So, with this setup I achieved in average a climb rate of >51m/s . I logged one typical climb flight:

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To avoid overheating, I used quite big cooling exhausts and a turbo spinner with a big hole in the nose, but the motor came down as cool as it was before lift off.

I also did check some typical log files for hotliners in the range of 2kW of input power and a weight of 1.3 to 1.4kg, using gear boxes and typical props like e.g. 15x16 inch. Indeed, the climb rate and acceleration seem to be a little bit better, like e.g. 54m/s @ 1700W of average input power during one climb flight.

So I thought that if you do not fly at competitions, outrunners driven at high voltage (6s minimum) and moderate prop sizes like 10x8 inch seem to be an affordable approach for "fun hotlining".

The simulations seem to confirm that the loss of efficiency comparing a 10x8 prop and a 15x16 or 16x16 is in the range of 10%, but maybe not more?

As always, I am interested in your oppinion.

Best regards,

Dirk
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Last edited by Lightmare; Mar 01, 2015 at 01:44 PM.
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Old Mar 01, 2015, 01:24 PM
444 kph
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Joined Nov 2008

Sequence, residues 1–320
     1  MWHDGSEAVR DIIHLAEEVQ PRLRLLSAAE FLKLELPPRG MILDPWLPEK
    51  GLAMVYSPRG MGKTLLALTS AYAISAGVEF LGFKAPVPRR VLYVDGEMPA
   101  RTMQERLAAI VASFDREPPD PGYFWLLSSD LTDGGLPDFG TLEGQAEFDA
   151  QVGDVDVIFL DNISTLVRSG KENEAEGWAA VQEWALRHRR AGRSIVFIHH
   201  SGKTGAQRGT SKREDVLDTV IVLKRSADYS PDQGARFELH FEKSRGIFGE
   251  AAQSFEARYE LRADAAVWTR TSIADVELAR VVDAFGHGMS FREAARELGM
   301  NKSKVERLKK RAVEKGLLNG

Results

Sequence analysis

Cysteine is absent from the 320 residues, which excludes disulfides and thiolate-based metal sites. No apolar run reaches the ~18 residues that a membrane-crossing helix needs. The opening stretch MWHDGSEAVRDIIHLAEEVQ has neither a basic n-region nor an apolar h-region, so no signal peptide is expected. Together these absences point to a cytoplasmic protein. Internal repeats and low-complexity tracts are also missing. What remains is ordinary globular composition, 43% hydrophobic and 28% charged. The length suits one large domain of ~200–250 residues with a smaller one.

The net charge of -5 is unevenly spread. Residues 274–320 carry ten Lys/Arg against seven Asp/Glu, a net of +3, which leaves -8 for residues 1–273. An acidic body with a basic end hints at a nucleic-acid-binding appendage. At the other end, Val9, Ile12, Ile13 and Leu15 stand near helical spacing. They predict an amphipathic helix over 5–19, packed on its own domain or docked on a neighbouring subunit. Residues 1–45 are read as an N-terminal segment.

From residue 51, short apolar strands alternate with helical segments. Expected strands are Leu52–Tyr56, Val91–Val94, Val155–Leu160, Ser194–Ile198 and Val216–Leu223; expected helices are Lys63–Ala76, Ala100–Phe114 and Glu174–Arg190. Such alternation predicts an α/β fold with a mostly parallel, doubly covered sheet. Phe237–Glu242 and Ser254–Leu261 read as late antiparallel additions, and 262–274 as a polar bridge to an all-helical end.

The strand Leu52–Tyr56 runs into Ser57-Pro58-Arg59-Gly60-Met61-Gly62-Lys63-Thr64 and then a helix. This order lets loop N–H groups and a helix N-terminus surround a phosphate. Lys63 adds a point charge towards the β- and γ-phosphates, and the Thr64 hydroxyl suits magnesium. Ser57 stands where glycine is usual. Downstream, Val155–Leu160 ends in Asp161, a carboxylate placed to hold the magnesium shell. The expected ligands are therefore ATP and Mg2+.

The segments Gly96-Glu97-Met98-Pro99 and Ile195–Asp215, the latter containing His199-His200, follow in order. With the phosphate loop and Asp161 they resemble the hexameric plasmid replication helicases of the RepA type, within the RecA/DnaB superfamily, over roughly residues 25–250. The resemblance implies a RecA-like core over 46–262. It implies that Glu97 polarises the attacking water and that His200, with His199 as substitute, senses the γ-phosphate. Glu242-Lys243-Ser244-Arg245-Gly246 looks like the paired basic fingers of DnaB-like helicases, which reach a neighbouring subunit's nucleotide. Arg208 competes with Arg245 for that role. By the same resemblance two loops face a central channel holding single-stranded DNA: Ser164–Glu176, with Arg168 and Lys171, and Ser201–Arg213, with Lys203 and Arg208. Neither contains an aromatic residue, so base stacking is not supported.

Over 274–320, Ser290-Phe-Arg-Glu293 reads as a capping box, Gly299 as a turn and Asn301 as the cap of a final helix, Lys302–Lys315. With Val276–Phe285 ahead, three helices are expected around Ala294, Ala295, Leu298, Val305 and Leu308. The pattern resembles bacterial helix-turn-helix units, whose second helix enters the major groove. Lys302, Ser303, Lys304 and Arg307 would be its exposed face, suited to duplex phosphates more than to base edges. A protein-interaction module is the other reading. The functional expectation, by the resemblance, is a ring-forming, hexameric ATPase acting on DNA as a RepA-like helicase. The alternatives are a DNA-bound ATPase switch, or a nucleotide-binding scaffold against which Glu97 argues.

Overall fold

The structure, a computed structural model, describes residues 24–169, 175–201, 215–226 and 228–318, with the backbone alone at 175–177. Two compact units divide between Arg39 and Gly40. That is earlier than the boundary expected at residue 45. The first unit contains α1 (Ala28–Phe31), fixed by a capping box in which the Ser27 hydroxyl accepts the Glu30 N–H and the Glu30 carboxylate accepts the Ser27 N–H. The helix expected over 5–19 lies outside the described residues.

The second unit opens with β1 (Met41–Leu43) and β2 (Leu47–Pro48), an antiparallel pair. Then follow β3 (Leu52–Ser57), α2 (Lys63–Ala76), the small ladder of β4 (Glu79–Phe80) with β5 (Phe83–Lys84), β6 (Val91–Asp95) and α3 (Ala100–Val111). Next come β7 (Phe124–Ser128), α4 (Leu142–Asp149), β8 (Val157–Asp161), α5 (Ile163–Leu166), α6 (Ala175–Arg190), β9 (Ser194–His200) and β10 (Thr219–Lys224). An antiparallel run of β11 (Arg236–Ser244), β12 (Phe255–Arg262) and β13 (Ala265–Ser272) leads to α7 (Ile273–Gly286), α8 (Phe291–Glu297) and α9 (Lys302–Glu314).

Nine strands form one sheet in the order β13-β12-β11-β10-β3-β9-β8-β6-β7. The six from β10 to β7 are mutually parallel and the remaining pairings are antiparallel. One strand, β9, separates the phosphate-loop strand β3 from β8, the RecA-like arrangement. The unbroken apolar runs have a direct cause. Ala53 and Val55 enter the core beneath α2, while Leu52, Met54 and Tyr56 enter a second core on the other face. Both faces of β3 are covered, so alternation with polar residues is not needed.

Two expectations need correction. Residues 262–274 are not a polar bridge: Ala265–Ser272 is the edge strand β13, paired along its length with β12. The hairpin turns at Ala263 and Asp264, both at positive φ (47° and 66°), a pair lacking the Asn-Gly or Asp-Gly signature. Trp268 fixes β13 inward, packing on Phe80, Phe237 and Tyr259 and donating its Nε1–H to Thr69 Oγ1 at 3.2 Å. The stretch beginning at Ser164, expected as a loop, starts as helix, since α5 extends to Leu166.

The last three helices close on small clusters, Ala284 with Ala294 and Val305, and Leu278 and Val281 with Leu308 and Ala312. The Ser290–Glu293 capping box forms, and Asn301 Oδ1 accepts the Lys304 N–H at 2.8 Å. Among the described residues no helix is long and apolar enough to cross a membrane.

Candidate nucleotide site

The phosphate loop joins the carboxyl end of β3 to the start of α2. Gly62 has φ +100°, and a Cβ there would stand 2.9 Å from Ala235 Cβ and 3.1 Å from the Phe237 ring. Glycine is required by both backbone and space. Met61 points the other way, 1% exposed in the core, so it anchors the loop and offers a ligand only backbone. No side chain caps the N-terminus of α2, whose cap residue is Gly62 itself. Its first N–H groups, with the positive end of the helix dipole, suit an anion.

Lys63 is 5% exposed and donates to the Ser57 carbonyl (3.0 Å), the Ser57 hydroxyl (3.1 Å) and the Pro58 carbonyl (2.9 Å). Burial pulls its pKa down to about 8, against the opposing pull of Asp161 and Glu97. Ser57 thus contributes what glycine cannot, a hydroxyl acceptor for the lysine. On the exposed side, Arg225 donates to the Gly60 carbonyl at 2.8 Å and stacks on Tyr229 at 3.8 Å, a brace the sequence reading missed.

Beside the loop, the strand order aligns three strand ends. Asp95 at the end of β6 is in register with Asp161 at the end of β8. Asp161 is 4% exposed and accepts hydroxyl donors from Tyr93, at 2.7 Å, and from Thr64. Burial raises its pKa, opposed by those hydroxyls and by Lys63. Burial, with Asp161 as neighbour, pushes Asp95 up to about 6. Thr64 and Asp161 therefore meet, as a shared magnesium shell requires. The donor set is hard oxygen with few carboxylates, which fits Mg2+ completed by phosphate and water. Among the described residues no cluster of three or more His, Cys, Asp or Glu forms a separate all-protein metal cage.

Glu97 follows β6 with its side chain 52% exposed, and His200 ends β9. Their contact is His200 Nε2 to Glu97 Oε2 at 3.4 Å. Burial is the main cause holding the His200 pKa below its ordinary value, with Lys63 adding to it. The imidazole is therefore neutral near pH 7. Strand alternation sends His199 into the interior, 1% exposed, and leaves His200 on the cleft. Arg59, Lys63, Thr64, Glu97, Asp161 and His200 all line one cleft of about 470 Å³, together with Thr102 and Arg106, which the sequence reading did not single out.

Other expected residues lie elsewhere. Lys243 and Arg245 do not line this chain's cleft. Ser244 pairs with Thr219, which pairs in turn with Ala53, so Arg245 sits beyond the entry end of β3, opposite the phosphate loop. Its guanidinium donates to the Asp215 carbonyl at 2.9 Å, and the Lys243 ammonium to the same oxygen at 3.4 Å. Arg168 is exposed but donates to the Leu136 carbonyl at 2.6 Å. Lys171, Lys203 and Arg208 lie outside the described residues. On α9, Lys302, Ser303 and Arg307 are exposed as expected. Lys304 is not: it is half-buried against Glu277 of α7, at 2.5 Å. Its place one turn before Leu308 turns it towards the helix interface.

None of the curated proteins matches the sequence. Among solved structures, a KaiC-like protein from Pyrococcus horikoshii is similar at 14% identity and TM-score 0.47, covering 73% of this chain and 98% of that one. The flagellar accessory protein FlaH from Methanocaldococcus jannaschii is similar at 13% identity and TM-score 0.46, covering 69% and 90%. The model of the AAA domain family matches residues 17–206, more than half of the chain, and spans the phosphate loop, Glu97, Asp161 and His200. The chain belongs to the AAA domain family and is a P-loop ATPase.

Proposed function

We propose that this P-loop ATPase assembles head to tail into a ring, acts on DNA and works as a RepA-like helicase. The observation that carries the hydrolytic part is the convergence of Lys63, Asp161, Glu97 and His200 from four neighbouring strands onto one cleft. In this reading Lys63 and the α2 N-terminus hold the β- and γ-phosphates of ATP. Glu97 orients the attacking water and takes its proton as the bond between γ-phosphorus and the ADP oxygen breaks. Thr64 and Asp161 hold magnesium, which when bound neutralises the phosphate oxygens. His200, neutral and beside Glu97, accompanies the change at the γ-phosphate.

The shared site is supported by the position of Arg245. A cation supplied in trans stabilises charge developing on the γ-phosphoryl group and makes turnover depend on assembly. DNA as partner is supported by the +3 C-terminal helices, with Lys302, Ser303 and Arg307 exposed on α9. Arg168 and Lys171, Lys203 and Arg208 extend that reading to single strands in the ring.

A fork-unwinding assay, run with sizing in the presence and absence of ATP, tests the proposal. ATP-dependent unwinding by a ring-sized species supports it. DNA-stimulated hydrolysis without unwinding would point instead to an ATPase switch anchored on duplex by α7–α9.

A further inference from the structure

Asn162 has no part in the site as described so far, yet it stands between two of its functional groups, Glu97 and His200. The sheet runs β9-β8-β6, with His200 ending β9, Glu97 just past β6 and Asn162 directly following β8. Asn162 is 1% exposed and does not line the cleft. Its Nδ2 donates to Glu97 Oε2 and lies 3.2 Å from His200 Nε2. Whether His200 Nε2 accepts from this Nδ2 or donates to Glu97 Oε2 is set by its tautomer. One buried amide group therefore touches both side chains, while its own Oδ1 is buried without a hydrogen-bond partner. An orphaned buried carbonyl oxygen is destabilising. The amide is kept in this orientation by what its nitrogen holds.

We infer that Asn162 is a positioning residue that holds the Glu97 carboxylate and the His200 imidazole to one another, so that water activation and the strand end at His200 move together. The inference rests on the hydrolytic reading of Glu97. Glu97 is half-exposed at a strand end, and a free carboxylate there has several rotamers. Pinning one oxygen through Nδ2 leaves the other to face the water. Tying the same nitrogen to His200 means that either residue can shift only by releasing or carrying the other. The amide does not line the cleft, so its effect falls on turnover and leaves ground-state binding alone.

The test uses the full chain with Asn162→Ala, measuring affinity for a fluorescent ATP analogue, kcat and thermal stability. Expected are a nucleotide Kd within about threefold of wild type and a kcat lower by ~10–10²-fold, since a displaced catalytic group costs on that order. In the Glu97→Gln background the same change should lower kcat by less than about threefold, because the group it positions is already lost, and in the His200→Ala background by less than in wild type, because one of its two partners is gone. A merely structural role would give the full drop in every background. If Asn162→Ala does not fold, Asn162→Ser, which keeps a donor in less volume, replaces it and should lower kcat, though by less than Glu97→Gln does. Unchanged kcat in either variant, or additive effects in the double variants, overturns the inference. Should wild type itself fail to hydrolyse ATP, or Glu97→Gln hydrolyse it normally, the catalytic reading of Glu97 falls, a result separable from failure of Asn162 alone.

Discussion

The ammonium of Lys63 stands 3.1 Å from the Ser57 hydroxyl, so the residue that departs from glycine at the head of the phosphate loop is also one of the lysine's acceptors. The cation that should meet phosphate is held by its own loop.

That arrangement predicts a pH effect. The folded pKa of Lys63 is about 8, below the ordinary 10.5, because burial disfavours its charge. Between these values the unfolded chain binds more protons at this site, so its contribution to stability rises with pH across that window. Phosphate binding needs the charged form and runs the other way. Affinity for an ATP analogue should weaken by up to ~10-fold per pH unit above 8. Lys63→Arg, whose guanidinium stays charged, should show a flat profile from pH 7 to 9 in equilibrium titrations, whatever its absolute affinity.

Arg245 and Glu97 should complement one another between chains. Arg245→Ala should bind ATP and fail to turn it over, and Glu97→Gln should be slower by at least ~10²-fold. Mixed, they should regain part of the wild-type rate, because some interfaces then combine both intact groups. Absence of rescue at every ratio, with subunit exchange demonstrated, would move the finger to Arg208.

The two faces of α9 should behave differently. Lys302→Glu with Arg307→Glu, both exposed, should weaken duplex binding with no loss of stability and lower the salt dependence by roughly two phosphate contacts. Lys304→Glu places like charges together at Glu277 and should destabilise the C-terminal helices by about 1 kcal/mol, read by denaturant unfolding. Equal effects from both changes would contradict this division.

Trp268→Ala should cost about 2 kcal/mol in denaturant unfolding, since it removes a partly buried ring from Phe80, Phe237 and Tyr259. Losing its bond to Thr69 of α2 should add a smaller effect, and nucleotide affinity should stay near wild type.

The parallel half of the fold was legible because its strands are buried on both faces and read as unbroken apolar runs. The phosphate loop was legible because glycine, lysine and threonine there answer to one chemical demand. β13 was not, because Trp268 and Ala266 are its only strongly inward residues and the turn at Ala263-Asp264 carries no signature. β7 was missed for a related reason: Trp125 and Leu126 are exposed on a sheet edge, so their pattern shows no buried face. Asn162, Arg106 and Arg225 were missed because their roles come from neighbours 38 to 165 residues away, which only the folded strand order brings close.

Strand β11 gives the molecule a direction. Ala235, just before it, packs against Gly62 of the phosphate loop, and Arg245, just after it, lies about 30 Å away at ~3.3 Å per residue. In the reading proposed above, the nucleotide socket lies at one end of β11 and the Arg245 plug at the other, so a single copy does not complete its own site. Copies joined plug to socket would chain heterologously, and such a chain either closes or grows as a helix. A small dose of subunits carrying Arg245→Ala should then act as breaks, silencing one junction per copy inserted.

522 Posts
the log draw would be easier to read, if you put a grid into the diagram!

it also shows, that your climbing speed still increases, after switching off the drive!
are you using "free energie" for that ?
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Old Mar 01, 2015, 01:51 PM
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Austria, Stmk., Graz
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What would be interesting now is if you would use a 16x16 prop (with lower LiPo cell) count. Its hard for me to believe that a 10x8 setup is almost as efficient as a 16x16 setup.
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Old Mar 01, 2015, 02:01 PM
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Deutschland, RP, Niederzissen
Joined Dec 2011
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Jay,

The propcalc simulation shows a virtual 16x16 fixed prop.
The simulation assumes the 10x8 and the 16x16 to have same airfoil and pitch progress.
Both blades even seem to have same width...

Based on this the result seem to be reasionable...but reality is diffrent.

Yello
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Last edited by Mreyello; Mar 01, 2015 at 02:11 PM.
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Old Mar 01, 2015, 03:04 PM
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Interestingly, if you 'play' a little bit with the width of the blades in PropCalc and then adept the RPM to achieve the same input power, the differences are not that big. AFAIK that makes sense since the efficiency of the prop also depends on the Reynold numbers.